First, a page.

Desire and Addiction on Facebook

Harper’s magazine reviews a posthumous collection by Rene Girard, who was Peter Thiel’s professor at Stanford, and is “the godfather of the Like button.”

PUBLISHED NOV 5, 2023 5:15 P.M.
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Rene Girard, 'the godfather of the Like button.'

Rene Girard, 'the godfather of the Like button.'   Courtesy Johns Hopkins University

As you probably know, two weeks ago, California Attorney General Rob Bonta joined AGs from 38 other states in suing Facebook for allegedly willfully causing mortal harm to children. That same week, Harper’s magazine published an article about the man whose philosophical invention lies behind the weapon that caused that harm.

Rene Girard was a Stanford professor and the author of many books, including the recently published All Desire Is a Desire for Being. His controversial contribution to philosophy and social science was the idea he called “mimetic desire,” which is described in an 2015 Stanford News obituary thusly: “Our desires, he wrote, are not our own; we want what others want. These duplicated desires lead to rivalry and violence.”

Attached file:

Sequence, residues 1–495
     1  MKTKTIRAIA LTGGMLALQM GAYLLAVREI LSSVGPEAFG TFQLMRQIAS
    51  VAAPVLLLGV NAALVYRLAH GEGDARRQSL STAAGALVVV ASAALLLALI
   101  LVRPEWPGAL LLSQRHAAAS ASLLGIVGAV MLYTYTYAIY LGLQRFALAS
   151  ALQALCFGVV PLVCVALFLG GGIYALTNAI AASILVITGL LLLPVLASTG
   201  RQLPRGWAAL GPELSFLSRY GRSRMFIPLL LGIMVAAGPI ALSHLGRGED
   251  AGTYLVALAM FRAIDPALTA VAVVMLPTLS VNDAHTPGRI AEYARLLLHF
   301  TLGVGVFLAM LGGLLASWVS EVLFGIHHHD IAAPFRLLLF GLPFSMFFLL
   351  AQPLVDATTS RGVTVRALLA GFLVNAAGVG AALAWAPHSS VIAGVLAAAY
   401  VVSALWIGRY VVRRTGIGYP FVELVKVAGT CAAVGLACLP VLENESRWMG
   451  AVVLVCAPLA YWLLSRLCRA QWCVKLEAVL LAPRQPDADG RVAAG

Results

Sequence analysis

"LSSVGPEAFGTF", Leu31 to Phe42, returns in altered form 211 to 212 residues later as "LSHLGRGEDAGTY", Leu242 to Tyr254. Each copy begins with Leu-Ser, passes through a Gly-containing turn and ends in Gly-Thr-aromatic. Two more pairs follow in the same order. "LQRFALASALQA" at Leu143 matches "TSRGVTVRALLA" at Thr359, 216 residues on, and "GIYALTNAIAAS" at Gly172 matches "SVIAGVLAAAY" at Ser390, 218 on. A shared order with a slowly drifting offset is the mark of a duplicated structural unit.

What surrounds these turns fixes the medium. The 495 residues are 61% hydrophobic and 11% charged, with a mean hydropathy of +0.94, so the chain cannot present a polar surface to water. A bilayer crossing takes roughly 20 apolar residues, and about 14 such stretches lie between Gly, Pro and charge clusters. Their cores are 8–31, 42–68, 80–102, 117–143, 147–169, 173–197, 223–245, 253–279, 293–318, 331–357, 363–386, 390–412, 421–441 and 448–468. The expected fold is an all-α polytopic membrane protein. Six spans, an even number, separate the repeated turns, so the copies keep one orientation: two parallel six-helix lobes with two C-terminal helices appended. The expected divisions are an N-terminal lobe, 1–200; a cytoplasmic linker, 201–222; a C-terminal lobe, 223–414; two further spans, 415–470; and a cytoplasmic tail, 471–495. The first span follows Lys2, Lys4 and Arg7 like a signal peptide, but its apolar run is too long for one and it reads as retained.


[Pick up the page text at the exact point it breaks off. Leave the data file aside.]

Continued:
Among Girard’s students at Stanford was Peter Thiel, the multi-billionaire investor (and prominent Trump supporter) who gave Facebook its first outside money. Armed with his mentor’s theory, Thiel believed the social media platform was tailor made to hook its users into the kind of addictive behaviors that Meta is now being prosecuted for inflicting on teenagers. 

From Sam Kriss’s review in Harper’s: “The business decision that most clearly bears Girard’s fingerprints is the $500,000 punt that turned Facebook into a behemoth. (Girard has been described as the “godfather of the Like button.”)

“What Thiel saw was Facebook’s potential as a vast petri dish for new strains of mimetic desire—and this is exactly what social media has given us. We buy the clothes that influencers wear on Instagram. We adopt the opinions that lunatics spout on Twitter. In a million rooms across the world right now, a million teenagers are silently dancing, alone, to the same choreography they’ve learned from TikTok.

“Thiel’s investment made him very rich. But it’s still an unusual thing for a Girardian to do. Girard spent his entire life preaching the deadly dangers of mimetic desire, this Satanic force that must be contained at all costs. His most prominent student seems to have come away with the impression that this mimetic desire is some pretty powerful stuff—and that you can make a lot of money by letting it rip. Thiel took a warning sign and turned it into a manual. His investment in the New Right seems to be along the same lines.”

Read Overwhelming and Collective Murder: The grand, gruesome theories of René Girard at Harper’s.

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